Scooters and mopeds see a rise in sales - and cachet - thanks in part to a youth energy ethic.
How it happened, Devin Biek still isn't exactly sure.
Infatuation with an Italian Vespa scooter led this resident of Elkhart, Ind., to an ad on eBay, a trip to Iowa, and a triumphant return with a 1978 Rizzato Califfo moped that wouldn't start. After its carburetor was de-gummed, the creature roared to life in a puff of blue exhaust.
Four years later, Mr. Biek is still hooked. "Once you ride one, you have to have one," he says. "It's consumed my entire life, and I have no real explanation for it."
The moped and its bigger, flashier cousin, the scooter, are swarming out of Jimmy Carter's America and into George W. Bush's republic - a movement propelled by soaring gasoline prices surpassing those of the late 1970s and by legions of Americans who take seriously the call for oil independence. If the serious intent is mixed with a little fun from "moped gangs" who call themselves the Heck's Angels or the Hardly Davidsons, so much the merrier.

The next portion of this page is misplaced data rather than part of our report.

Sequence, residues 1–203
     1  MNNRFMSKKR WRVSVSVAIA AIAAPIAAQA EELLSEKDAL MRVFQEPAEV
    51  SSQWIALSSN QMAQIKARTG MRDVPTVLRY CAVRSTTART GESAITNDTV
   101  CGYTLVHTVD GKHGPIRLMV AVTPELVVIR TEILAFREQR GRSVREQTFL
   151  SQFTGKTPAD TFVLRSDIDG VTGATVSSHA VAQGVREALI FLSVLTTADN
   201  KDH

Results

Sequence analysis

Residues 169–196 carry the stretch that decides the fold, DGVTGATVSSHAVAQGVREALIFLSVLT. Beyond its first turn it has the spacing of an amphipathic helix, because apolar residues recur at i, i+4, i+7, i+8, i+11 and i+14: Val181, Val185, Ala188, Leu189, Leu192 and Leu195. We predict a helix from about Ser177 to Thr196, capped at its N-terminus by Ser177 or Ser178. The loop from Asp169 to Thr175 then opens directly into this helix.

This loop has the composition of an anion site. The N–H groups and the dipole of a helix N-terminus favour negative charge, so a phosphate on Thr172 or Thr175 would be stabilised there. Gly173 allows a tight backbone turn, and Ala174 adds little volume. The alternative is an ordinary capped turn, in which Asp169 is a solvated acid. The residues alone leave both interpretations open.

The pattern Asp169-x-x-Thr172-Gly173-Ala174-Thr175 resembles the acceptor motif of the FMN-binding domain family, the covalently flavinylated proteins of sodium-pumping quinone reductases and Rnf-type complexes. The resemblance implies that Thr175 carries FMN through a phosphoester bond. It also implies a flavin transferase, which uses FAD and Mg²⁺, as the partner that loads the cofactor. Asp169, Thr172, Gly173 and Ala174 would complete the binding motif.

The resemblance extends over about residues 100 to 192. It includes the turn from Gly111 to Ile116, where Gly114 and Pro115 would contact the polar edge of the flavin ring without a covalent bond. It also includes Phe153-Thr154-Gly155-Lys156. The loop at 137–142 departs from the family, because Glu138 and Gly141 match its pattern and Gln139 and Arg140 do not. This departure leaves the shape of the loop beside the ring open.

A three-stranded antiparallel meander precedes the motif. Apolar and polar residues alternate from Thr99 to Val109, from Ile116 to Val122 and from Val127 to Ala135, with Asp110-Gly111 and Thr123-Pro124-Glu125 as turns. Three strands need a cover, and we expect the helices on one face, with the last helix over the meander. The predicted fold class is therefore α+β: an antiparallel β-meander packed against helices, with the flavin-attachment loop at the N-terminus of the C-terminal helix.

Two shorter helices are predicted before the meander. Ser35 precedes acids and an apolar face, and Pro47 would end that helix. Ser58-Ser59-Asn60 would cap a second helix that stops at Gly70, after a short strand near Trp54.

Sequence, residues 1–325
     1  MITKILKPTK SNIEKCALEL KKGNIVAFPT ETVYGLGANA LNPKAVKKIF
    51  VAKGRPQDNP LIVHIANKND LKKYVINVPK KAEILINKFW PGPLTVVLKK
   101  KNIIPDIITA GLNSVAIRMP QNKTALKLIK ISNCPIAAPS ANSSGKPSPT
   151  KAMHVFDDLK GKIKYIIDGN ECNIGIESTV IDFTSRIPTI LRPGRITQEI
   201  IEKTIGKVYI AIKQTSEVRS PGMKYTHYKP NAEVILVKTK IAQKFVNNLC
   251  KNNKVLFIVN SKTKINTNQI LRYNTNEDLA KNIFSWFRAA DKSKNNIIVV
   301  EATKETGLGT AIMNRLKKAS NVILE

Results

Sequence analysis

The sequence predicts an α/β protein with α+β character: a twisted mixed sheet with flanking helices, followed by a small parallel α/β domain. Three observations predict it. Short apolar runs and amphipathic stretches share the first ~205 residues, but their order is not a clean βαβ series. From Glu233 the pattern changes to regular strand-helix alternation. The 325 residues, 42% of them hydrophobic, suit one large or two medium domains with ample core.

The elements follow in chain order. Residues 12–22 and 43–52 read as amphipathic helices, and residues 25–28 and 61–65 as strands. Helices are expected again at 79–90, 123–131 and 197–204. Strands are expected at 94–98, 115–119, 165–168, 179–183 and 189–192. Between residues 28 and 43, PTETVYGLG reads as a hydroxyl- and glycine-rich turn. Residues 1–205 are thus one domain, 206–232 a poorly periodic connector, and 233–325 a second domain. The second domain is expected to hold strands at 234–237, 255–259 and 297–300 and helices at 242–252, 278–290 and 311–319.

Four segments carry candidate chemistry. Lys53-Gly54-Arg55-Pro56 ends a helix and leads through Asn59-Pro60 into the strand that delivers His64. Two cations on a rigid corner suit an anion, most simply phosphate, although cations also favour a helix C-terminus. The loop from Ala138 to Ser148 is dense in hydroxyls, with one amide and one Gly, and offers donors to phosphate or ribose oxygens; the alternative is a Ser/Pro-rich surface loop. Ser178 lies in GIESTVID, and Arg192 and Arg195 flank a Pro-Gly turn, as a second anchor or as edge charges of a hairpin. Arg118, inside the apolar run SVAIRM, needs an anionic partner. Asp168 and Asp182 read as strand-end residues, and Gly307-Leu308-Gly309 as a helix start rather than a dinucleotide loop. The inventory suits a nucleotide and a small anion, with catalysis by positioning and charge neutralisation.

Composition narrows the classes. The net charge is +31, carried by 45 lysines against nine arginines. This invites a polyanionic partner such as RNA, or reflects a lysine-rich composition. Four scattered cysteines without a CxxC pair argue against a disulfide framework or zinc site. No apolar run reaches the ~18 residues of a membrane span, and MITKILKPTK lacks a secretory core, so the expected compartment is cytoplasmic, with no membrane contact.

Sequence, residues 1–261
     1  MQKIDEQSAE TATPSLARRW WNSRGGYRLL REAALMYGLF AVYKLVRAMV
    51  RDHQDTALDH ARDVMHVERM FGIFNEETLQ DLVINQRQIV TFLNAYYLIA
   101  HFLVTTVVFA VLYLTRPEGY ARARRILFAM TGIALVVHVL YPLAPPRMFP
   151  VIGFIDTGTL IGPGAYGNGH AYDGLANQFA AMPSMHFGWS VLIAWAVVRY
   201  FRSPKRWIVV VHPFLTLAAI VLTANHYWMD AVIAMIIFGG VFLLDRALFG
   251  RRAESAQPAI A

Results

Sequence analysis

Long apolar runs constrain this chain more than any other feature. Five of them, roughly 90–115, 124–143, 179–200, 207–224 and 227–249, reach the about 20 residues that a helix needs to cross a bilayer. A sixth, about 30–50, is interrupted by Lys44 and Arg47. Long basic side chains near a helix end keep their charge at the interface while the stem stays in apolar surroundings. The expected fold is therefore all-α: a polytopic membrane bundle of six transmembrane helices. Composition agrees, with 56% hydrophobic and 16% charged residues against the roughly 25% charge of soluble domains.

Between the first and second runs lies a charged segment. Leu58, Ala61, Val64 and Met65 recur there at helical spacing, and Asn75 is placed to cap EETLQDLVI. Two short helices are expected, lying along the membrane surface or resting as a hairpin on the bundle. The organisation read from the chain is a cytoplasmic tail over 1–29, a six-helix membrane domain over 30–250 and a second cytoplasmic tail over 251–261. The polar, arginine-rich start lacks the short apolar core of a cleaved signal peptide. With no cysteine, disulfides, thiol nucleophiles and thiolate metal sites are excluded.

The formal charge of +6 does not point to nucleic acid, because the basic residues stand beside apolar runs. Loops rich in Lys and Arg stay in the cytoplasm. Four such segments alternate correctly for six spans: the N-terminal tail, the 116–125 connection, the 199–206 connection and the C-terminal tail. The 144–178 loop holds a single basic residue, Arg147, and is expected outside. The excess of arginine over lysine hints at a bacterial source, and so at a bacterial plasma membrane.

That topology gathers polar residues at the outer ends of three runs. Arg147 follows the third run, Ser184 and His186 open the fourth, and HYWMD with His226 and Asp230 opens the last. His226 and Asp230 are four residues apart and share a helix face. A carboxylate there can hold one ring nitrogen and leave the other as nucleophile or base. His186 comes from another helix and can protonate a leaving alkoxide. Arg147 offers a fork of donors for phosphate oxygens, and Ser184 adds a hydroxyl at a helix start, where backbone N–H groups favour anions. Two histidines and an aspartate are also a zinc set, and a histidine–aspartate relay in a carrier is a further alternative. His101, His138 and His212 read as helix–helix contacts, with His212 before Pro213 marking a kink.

Though Gen-Xers and baby boomers are among those flinging a leg over these two-wheelers, the vehicles may owe their newfound cachet to their embrace by a younger set. Sometimes called "the millennials," they are said to embody a sense of social purpose, adopt a "team" approach to life, and rebel from their elders by hewing to the small-scale. It's an attitude with a simple message: Small-bore is cool.
"This [moped resurgence] is a reflection of a deeper generational shift going on," says Neil Howe, a cultural historian and coauthor of "Millennials Rising: The Next Great Generation." "The idea of a big, bad, dangerous gas-guzzling machine is not the millennial style. They prefer something that is not only socially responsible in a big sense, but also in a little sense: It makes less noise, and it's less likely to get them into an accident."